The Roaring Fork + Farm Map, first published in 2020, will be refined to launch again this spring. Art by Sarah Uhl

For many years, Colorado cities and towns have promoted their qualities to attract visitors. This is becoming exceedingly less necessary as local establishments struggle to keep pace with the demand, exacerbated by the ongoing shortage of service workers. In late March, the governor signed into law House Bill 22-1117, allowing counties to spend lodging tax dollars on affordable housing initiatives, and not just advertising for tourism.

Although the bill won’t affect counties that don’t collect lodging taxes, including Garfield, Eagle and Pitkin, it stands as evidence for the greater trend. The state’s population continues to grow, counting 774,518 new residents between 2010 and 2020, and visitation remains high. In response, organizations that promote tourism are adapting.

“You can see a shift in terminology, from marketing to management,” said Andrea Stewart, executive director of the Carbondale Chamber of Commerce. The chamber also oversees Carbondale Tourism, funded by a 2% lodging tax collected by the town.

Carbondale Tourism recently hosted a visioning and rebranding workshop with Rainy Day Designs. “Tourism has changed so much over the past two years,” said Stewart. Specifically, “even locals are being tourists in their own backyard,” discovering new places close to home during the pandemic.

Stewart suggested that the term “tourism,” which has come to bear negative connotations, can also encompass a kind of stewardship. She gave the often-cited example of dog poop baggies, notorious for littering trails. “It’s such a relatable experience, and an example of taking ‘us versus them’ out of the issue and addressing the issue as tourists and locals alike.”

Five tourism-promoting organizations in the Valley have rallied around this idea of “responsible visitation” to form the Roaring Fork Valley Destination Alliance. The alliance partners with the Colorado Tourism Office and is funded by a CARES Act Recovery Assistance grant. It includes  Aspen Chamber Resort Association, Snowmass Tourism, Basalt Chamber of Commerce, Carbondale Tourism and Visit Glenwood Springs, and it is the first of its kind in Colorado.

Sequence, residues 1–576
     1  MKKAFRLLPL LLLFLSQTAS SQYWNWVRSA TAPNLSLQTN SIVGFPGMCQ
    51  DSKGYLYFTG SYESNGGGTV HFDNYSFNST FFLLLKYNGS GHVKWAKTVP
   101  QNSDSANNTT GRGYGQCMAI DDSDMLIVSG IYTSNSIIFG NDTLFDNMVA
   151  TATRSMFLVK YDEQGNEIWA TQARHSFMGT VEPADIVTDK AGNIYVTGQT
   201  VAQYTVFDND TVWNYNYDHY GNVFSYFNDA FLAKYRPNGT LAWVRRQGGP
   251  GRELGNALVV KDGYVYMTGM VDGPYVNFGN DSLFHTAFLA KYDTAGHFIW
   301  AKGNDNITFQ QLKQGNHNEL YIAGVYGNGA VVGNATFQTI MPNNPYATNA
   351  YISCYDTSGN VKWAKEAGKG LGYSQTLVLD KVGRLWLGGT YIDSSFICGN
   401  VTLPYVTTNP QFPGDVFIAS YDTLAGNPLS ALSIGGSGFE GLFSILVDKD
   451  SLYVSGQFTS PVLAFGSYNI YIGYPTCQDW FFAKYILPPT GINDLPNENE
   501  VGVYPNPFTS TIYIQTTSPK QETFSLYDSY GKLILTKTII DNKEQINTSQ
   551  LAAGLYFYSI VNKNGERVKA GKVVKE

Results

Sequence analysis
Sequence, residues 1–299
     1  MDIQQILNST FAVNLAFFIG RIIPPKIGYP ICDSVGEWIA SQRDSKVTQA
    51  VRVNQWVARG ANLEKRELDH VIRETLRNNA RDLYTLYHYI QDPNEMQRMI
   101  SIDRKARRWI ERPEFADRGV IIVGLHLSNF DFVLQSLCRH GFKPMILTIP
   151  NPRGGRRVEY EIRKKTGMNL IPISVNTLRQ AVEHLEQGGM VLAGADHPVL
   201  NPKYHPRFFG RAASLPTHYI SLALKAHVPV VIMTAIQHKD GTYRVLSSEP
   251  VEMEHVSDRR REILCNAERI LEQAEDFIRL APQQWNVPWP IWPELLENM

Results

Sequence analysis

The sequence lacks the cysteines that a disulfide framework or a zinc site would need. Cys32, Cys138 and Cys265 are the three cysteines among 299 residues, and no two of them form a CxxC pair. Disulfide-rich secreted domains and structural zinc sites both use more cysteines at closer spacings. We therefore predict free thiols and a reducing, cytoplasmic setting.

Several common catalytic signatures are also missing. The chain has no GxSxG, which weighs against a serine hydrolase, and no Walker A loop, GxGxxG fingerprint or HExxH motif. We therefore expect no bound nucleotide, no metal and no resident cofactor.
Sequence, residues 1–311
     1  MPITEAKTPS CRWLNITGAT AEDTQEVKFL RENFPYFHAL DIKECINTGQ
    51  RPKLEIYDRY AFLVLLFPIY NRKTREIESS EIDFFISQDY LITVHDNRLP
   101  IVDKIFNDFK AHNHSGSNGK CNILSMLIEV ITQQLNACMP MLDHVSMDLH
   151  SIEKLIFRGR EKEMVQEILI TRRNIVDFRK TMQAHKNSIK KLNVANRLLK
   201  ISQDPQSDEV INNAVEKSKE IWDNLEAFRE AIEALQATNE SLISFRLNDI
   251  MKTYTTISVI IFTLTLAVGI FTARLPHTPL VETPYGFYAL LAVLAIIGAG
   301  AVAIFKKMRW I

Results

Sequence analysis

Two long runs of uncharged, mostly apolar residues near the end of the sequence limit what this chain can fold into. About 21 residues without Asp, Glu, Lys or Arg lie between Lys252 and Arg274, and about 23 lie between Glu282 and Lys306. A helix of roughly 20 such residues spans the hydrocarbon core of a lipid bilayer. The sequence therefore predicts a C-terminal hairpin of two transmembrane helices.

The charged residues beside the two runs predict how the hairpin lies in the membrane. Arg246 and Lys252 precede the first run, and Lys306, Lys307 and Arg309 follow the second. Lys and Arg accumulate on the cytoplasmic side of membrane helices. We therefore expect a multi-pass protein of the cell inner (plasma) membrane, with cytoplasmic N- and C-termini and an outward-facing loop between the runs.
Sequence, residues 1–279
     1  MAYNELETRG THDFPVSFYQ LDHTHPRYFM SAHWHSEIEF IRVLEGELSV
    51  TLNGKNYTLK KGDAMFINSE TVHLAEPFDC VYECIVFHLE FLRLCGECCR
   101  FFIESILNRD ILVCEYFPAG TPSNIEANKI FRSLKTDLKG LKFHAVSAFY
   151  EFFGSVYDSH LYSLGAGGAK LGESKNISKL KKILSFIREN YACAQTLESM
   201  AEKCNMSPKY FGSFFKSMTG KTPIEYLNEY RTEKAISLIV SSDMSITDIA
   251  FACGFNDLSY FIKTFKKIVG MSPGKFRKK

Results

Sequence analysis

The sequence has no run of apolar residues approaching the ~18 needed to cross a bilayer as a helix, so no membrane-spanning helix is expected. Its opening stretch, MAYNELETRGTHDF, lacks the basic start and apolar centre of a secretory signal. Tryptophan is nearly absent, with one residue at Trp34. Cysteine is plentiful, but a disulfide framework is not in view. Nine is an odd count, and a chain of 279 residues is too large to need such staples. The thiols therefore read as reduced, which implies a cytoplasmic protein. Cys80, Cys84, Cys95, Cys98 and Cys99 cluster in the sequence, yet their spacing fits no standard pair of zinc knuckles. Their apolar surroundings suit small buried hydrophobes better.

In addition to promoting thoughtful trail etiquette and leave-no-trace practices, the alliance seeks to develop an integrated framework for Valley-wide crisis communications strategies. Stewart gave the example of a Glenwood Canyon closure. Not only will would-be tourists be assured they are welcome when possible, outsiders stranded in the Valley will be encouraged to peruse stores and visit a local restaurant. More seriously, in the incidence of a fire, visitors will be alerted to evacuation protocol and resources.

“It’s about dealing with how to communicate with visitors during times of crisis,” explained Sarah-Jane Johnson, spokesperson for the alliance. “So whatever crisis is coming, we’re operating hand-in-hand to put the right message out there.”

Additionally, Carbondale Tourism was awarded a $14,000 grant to help develop agritourism in the Valley. According to the Colorado Department of Agriculture, the number of Colorado farms generating income from agritourism and recreational services grew by nearly 200 between 2012 and 2017. Income per farm, meanwhile, nearly doubled.

What is agritourism? One component of the grant includes funding to facilitate conversations among local farmers and ranchers, bringing in outside expertise to help them develop programs and infrastructure for welcoming curious visitors.

Additionally, a revamped Roaring Fork + Farm Map will be launching this spring. The map was initially created thanks to a program development grant received previous to the pandemic. It was set to print in March 2020 and resulted far less widespread than initially intended.

Now, the local farms and foods map, recognized by the United Nations International Mountains Day as “an exemplary sustainable tourism project” in 2021, will re-launch this spring with more of a Valley-wide focus.

“Tourism is a really important part of our way of life in Western Colorado,” said Johnson, championing the benefits to local economies. Nonetheless, “industry-wide, all tourism management organizations are looking at what their role is to manage and mitigate the impacts of tourism and protect quality of life for host communities.”

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